Home > Sanctum (Asylum #2)(3)

Sanctum (Asylum #2)(3)
Madeleine Roux

Dan’s hands shook as he tore open the envelope. Maybe it was just an apology, he thought—it was entirely possible that Felix’s parents wanted to reach out to him and say they were sorry for all the trouble their son had caused him.

Dan drew in a deep breath and double-checked to make sure he was alone. Through the half-open window he could hear Sandy washing the dishes in the kitchen.

Dear Daniel,

You’re probably surprised to hear from me, and I’d hoped to avoid sending this letter, but it’s become clear that this is the only option.

I really have no right to ask this of you, but please give me a call as soon as you receive this letter. If you don’t get in touch . . . Well, I can’t say I would blame you.


Please call.


Lydia Sheridan

Dan couldn’t decide whether to chuck the letter in the garbage or dial the number right away. Inside, he could still hear the quiet clinking of his mother washing and drying the dishes. He read the letter over again, tapping the paper against his knuckles as he weighed his options.

On the one hand, he would be perfectly happy to forget Felix altogether. On the other . . .

On the other hand, it would be a lie to say that he wasn’t curious about his old roomie’s condition. They had left everything so unresolved. The cold sensation in his stomach refused to go away.

Felix probably needs your help. You needed help, too. Is it really fair to say that anyone is a lost cause?

He looked to the window on his right. His mother was humming now, and the music of it drifted softly out to where he was sitting. A few leaves floated down from the maple tree that lorded over the porch. No matter how many times Paul cut back the branches on it, it kept reaching for the house. But that didn’t stop his dad from trying.

Dan picked up his mobile and dialed Lydia Sheridan’s number before he could think of an excuse not to.

It rang and rang, and for a moment he was certain she wouldn’t pick up. He almost hoped she wouldn’t.


“Hi, Lydia? I mean, Mrs. Sheridan?” His own voice sounded high and strange to his ears.

“That’s me. . . . Who is this? I don’t recognize the number.”

She had Felix’s same soft-spoken manner, but hers was a more relaxed and more feminine version of the voice he could still recall.

“This is Dan Crawford. You sent me a letter asking to get in touch. So . . . Well, I’m getting in touch.”

The line went quiet for what felt like a lifetime. Finally, he could hear Felix’s mother drawing in ragged breaths on the other end.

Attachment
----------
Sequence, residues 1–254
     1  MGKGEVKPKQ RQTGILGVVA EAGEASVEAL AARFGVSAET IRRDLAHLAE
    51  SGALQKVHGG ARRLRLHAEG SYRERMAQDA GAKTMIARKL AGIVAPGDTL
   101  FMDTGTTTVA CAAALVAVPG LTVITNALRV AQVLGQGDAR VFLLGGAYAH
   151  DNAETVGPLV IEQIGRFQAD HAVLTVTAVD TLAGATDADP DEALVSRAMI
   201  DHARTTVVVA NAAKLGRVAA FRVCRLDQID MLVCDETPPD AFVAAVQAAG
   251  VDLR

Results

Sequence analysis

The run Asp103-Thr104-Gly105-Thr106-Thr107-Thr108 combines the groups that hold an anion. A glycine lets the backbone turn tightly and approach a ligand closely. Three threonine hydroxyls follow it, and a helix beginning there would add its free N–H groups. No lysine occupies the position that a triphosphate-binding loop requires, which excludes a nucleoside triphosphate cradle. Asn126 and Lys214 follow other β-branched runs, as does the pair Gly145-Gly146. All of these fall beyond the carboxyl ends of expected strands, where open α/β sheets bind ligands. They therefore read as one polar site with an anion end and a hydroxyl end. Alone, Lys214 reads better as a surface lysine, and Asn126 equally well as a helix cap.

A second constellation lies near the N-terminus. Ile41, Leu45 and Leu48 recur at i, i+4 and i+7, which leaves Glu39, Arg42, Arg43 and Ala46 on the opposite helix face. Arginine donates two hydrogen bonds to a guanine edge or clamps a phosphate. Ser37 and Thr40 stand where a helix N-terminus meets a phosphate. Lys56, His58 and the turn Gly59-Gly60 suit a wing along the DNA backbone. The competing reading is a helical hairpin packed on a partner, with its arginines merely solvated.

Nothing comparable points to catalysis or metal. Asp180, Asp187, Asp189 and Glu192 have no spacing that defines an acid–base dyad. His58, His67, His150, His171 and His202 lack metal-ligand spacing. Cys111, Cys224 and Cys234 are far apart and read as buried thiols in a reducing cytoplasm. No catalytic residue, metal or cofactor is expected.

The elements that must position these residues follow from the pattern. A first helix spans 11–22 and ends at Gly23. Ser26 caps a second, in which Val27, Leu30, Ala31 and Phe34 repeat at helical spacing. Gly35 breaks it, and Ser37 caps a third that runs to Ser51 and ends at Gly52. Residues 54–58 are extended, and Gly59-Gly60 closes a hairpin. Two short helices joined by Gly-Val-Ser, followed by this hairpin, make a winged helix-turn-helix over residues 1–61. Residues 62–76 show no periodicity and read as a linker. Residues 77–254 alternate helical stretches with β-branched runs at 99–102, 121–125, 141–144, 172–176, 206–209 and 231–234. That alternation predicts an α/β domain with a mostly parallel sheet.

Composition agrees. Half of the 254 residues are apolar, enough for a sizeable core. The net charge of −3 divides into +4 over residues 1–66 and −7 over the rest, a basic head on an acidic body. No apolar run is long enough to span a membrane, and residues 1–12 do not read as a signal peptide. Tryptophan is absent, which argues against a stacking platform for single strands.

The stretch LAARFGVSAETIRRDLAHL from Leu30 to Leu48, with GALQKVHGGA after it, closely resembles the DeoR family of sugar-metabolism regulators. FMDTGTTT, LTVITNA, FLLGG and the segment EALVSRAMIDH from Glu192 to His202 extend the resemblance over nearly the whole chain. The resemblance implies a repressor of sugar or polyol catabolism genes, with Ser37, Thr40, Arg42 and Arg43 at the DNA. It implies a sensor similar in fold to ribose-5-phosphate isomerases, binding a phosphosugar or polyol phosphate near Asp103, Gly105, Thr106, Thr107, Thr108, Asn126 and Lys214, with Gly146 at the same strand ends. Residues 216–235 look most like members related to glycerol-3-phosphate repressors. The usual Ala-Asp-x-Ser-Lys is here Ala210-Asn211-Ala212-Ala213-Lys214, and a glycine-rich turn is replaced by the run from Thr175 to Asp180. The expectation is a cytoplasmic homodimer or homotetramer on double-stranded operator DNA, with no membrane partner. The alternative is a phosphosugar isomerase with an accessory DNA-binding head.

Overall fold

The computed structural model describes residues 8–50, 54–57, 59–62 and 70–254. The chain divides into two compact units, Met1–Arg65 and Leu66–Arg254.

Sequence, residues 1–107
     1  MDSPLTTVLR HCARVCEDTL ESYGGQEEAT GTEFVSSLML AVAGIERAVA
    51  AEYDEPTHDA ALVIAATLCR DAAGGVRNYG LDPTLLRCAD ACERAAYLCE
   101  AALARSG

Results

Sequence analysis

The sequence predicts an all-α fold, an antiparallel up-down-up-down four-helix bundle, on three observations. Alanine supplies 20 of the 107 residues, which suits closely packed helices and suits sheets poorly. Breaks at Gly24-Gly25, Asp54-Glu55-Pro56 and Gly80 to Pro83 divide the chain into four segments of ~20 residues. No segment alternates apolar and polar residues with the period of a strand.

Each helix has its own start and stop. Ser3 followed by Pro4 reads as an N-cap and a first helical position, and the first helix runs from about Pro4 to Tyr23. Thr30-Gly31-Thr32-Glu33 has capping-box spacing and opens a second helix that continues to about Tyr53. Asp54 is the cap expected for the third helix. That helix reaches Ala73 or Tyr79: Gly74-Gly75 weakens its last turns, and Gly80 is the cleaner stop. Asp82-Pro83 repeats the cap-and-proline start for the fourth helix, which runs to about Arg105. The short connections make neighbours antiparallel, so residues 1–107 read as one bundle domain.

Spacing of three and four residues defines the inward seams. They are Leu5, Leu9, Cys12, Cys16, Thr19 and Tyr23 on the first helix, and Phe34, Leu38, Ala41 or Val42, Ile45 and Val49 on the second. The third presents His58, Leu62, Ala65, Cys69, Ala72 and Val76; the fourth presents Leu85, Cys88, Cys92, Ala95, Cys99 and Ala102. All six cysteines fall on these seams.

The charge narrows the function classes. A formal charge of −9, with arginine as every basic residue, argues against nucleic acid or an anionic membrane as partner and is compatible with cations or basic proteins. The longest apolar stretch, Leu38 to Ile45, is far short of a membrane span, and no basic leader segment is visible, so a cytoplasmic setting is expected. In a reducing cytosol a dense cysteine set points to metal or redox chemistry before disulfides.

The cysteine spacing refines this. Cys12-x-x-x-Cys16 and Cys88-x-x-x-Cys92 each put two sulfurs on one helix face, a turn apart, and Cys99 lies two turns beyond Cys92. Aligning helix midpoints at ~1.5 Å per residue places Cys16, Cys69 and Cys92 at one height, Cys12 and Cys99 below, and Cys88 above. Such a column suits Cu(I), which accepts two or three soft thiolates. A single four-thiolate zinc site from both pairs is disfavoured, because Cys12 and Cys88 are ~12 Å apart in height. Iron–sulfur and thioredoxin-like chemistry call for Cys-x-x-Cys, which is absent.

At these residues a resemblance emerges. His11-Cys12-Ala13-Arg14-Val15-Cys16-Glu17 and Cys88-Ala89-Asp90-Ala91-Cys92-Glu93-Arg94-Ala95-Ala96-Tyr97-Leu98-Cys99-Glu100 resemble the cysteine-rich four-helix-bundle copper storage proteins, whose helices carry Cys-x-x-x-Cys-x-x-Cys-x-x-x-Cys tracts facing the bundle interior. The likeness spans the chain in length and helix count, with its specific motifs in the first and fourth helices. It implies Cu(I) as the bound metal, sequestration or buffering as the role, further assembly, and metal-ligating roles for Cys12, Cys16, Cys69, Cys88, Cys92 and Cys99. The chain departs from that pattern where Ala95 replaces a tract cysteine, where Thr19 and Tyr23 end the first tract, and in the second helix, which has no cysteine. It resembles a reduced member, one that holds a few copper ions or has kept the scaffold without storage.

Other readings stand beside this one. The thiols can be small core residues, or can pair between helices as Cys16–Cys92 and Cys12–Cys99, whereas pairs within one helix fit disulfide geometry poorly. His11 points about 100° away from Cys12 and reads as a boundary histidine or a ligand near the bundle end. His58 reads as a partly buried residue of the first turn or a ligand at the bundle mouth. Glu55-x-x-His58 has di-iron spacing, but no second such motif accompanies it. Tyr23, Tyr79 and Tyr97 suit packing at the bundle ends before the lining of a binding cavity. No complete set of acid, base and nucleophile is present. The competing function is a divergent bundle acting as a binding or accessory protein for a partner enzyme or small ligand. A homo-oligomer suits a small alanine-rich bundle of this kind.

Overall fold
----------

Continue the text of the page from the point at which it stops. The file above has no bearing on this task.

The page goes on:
“Thank you,” she said, sounding like she was on the edge of tears. “We’re just . . . We don’t know what to do anymore. It seemed like he was getting better. The doctors treating him really thought he was improving. But now it’s like he’s hit a wall. All he does is ask for you, day in and day out—Daniel Crawford, Daniel Crawford.”

This news was more than a little unnerving.

“I’m sorry to hear that, but I’m not sure what you want me to do about it,” Dan said. Maybe that was cold, but what was he supposed to do? He wasn’t a doctor. “It’ll probably pass. I bet it will just take time.”

“What about for you?” Lydia demanded.

Dan jerked his head back, startled by the sudden chill in her voice.

“Has it passed?” She sighed. “I’m sorry. I’m . . . I’m not sleeping. I’m just so worried about him. I really hate asking this of you . . .”

“But?” Dan prompted. He didn’t need to. He saw the question coming from a mile away.

“If you could just go to Morthwaite. See him. See . . . I don’t know. I’m begging at this point, do you understand? Begging. I just want him to get better. I just want this to be over.” Dan could hear the tears cracking through in her voice again. “It’s not over for him, Dan. Is it over for you?”

He had to laugh. Did it feel over? No, not by a long shot. The dreams persisted, as terrifying as ever, often featuring the warden himself. It wasn’t over, and as twisted as he knew it was, Dan felt a little relieved to hear that he wasn’t the only one for whom that was true.

“This might not work,” Dan said slowly. “It could make him worse. You realize that, right?” I don’t want that on my head. I can’t have that on my head.

He felt guilty enough for having dragged Abby and Jordan into the mess at Brookline. At least with Felix, he’d been able to tell himself that he was blameless—that that two-faced Professor Reyes had all but admitted to luring Felix down to the basement, where his mind—well, where his mind had stayed, is what it sounded like.

“But you’ll go?” Mrs. Sheridan sounded so happy. So hopeful. “Oh, thank you, please, I just . . . Thank you.”

“So where exactly am I going?” Dan asked, his stomach still one giant knot of dull fear. “And how am I getting there?”

The following Saturday, Dan found himself sitting in the passenger seat of Lydia Sheridan’s charcoal Prius. Tall and willowy, she hunched over the steering wheel as she clung to it. Tight brown ringlets kept escaping from a tortoiseshell butterfly clip that struggled to keep a grip on her hair. Thin-rimmed spectacles crept down the steep slope of her nose.

“Are you sure your parents are all right with this?” Mrs. Sheridan had asked when Dan walked up to her car that afternoon.

“Yeah, of course,” he’d replied, waiting for her to unlock the passenger side door. “It’s just, they’re remodeling the house. Trucks everywhere. We can’t even park in the driveway right now. But they were happy to hear I was headed to see Felix.”

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